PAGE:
US Installing Quake Sensors in Northern Mexico

Machine will spot quakes heading north of the border
By Rob Quinn,  Newser Staff
Posted Oct 20, 2011 4:00 AM CDT
Locals look at a damaged road near Mexicali following the 7.2-magnitude earthquake that hit the US-Mexico border region in April last year.   (Getty Images)
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(Newser) – Next time the ground shakes in Mexico, the Department of Defense and the US Geological Survey want to know about it. The agencies are spending $500,000 to install earthquake monitoring machines in Mexican border regions, the Los Angeles Times reports. Officials say they don't want a repeat of the confusion after last year's Mexicali earthquake, when hours went by before they knew where the quake's epicenter was and where aftershocks were headed.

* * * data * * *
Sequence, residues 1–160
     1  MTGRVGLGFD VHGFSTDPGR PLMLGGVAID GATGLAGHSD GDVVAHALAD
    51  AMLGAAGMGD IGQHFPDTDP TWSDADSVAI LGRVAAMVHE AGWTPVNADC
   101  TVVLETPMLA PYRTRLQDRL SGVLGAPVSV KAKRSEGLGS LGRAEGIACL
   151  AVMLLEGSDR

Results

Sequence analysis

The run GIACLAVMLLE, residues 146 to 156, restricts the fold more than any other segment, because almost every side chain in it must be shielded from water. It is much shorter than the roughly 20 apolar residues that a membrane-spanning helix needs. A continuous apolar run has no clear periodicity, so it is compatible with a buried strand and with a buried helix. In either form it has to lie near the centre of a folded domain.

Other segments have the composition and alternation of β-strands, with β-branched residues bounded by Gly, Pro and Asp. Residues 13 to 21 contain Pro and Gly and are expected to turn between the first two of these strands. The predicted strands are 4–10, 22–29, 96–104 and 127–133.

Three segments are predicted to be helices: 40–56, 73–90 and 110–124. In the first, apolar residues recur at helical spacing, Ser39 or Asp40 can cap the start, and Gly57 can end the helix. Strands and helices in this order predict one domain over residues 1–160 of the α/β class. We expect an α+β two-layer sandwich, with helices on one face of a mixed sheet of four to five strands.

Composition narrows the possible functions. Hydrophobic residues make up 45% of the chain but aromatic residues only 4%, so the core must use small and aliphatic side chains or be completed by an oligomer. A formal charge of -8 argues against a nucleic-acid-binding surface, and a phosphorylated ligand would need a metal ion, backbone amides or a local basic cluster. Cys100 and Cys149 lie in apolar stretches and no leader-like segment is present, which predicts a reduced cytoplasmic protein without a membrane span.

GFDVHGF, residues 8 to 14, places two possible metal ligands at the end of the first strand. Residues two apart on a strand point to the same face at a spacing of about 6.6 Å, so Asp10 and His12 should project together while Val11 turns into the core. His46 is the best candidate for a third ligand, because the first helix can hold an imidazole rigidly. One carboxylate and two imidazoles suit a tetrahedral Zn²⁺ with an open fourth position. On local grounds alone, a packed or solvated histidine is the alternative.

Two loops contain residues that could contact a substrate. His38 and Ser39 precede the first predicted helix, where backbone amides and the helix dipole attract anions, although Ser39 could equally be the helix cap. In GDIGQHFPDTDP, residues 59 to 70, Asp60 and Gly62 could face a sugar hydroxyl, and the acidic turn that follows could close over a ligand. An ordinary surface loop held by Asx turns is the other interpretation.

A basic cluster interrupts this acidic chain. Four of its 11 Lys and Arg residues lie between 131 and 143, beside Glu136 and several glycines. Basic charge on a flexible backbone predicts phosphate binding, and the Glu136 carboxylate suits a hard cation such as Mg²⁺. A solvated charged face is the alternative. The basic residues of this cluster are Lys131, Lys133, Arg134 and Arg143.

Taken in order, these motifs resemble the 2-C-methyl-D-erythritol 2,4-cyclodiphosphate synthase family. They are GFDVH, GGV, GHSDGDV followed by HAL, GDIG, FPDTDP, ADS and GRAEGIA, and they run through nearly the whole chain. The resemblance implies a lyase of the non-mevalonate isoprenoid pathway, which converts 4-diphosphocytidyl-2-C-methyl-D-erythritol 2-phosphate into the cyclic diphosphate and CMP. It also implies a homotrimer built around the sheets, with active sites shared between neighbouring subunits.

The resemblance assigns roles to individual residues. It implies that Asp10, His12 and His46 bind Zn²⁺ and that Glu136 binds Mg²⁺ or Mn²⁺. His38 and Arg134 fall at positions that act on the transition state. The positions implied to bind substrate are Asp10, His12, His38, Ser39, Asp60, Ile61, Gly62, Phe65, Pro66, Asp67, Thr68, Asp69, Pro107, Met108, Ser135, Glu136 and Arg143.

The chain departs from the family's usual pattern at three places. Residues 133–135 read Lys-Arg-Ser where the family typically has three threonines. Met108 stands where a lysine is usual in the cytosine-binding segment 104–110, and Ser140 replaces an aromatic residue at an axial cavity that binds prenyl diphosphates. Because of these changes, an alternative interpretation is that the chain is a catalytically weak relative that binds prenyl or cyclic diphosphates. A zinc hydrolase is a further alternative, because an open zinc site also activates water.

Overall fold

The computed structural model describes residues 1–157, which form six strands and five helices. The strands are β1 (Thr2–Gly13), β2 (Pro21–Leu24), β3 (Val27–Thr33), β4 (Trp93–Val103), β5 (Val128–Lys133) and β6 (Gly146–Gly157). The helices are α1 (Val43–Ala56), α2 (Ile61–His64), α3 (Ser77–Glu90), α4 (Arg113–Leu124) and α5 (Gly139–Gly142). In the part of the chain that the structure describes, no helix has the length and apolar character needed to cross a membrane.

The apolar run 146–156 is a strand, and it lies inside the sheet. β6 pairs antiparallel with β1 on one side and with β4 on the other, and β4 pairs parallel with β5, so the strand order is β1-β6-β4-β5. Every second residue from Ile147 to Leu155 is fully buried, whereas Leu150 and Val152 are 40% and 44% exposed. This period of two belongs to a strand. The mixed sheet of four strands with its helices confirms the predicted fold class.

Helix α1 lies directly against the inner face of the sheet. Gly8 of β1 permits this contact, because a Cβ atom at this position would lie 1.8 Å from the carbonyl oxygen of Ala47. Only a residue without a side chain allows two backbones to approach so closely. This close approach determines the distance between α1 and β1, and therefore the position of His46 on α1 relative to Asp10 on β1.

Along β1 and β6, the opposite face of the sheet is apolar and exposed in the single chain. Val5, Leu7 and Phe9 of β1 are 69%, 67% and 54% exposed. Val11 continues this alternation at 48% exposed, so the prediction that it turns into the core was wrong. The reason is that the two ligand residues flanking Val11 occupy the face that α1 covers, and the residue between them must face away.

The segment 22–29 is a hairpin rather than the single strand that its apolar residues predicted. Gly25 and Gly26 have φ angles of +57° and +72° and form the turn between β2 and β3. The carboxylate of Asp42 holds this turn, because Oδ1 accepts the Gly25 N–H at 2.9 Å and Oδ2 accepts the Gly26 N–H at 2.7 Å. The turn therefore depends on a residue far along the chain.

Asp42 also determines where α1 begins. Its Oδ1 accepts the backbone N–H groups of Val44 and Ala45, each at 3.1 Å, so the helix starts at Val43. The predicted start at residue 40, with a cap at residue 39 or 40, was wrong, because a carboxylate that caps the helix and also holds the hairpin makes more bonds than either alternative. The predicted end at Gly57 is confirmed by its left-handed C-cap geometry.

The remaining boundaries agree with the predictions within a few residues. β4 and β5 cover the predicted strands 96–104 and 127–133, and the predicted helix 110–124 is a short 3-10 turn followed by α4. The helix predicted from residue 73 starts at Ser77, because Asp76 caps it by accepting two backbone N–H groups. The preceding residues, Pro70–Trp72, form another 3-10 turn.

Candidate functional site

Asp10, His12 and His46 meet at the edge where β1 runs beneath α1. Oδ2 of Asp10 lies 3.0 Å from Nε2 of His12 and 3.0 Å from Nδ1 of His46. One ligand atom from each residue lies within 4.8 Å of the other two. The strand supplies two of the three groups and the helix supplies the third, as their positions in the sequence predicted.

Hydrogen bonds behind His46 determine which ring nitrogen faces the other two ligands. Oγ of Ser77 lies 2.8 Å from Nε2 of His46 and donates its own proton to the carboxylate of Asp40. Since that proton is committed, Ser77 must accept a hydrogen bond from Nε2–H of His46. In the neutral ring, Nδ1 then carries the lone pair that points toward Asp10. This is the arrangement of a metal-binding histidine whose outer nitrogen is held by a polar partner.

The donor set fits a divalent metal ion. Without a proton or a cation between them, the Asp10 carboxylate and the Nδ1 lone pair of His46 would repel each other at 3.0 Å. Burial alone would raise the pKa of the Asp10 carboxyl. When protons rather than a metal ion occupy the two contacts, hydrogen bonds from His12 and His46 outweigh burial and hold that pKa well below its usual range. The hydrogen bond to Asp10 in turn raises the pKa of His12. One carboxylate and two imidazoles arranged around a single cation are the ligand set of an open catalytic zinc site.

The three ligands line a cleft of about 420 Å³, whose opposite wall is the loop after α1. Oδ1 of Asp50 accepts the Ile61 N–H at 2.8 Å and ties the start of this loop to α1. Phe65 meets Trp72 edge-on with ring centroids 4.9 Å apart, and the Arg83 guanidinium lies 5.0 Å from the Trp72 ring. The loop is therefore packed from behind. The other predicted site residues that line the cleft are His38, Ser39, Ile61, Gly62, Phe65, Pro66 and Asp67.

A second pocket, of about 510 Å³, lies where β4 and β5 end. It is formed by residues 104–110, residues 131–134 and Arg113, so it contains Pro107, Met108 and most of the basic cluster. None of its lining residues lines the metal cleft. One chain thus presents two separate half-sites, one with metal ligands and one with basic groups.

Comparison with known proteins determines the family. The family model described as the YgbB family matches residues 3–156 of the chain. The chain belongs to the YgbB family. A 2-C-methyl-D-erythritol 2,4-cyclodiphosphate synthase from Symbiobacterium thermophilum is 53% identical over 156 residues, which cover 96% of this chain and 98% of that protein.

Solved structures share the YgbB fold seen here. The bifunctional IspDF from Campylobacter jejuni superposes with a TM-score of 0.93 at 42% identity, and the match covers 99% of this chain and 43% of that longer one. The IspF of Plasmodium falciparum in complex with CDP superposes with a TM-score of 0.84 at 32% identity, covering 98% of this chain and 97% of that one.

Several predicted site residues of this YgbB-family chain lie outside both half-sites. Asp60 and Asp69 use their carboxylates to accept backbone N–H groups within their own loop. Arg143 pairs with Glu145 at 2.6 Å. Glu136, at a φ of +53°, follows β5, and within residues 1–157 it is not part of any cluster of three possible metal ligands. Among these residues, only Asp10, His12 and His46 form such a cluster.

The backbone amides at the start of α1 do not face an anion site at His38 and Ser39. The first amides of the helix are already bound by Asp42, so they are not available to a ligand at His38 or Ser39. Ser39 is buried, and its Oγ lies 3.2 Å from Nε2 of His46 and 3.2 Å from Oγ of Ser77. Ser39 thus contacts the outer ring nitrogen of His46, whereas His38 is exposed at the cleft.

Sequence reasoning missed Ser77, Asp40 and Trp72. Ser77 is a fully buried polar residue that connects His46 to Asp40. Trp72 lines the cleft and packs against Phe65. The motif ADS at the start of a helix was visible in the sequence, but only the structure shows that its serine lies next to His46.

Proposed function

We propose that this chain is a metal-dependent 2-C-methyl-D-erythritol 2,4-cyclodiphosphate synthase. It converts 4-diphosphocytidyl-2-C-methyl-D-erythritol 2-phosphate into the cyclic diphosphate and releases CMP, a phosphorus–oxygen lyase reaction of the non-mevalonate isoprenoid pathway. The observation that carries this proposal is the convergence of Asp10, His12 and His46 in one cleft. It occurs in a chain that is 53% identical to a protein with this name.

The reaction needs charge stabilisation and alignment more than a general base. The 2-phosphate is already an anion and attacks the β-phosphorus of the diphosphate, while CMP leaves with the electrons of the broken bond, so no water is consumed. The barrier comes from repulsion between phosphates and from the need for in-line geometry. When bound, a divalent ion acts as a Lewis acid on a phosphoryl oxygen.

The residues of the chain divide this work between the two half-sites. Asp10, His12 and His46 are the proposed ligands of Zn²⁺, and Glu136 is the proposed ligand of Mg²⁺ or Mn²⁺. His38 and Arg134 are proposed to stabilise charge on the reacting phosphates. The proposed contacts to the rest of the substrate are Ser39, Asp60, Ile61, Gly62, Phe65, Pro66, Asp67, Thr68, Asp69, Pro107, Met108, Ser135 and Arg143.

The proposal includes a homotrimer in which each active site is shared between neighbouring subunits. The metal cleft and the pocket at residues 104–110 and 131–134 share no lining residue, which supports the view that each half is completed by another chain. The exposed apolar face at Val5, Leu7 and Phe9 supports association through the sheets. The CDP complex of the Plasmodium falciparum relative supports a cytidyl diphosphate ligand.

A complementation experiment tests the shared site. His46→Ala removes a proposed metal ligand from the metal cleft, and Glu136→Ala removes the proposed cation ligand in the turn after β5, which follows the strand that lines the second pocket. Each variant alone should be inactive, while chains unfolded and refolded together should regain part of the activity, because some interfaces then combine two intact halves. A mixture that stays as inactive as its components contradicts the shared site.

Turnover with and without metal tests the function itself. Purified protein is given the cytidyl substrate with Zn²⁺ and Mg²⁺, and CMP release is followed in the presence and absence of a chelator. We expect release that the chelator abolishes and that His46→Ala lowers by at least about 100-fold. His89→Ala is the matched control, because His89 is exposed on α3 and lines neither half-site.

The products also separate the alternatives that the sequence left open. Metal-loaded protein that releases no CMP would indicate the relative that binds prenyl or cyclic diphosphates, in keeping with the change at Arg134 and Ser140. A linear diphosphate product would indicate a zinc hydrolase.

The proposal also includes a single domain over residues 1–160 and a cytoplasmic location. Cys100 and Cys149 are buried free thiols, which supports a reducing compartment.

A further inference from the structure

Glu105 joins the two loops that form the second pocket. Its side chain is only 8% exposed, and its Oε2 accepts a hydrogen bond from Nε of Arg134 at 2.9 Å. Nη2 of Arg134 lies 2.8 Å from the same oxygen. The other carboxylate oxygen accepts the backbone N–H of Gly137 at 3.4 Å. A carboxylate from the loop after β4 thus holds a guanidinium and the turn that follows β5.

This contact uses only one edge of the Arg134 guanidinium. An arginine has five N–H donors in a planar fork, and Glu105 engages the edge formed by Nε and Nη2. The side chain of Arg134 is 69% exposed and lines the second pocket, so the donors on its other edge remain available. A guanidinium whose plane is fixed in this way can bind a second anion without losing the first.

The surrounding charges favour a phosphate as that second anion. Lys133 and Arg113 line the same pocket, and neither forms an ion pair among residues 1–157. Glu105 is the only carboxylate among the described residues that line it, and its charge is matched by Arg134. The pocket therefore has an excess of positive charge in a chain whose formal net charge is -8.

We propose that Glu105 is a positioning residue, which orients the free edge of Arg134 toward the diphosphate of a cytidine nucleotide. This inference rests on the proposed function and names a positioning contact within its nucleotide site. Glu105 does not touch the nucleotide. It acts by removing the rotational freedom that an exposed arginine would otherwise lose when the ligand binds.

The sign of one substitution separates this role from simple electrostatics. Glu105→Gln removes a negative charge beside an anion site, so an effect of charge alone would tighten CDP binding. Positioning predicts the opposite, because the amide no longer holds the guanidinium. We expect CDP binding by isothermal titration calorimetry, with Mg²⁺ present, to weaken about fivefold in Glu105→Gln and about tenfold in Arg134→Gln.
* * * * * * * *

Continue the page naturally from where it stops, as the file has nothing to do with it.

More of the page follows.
"We basically have a big blind spot to the south—unless we can get data from the Mexican network. So that allows us to expand our ability to see what's going on," the coordinator for the Southern California Seismic Network says. "Without instrumentation, how do you know what's gone on? All you know is, gosh, something bad happened in Mexicali." The Mexican government is spending $50 million on a separate upgrade of its own system.

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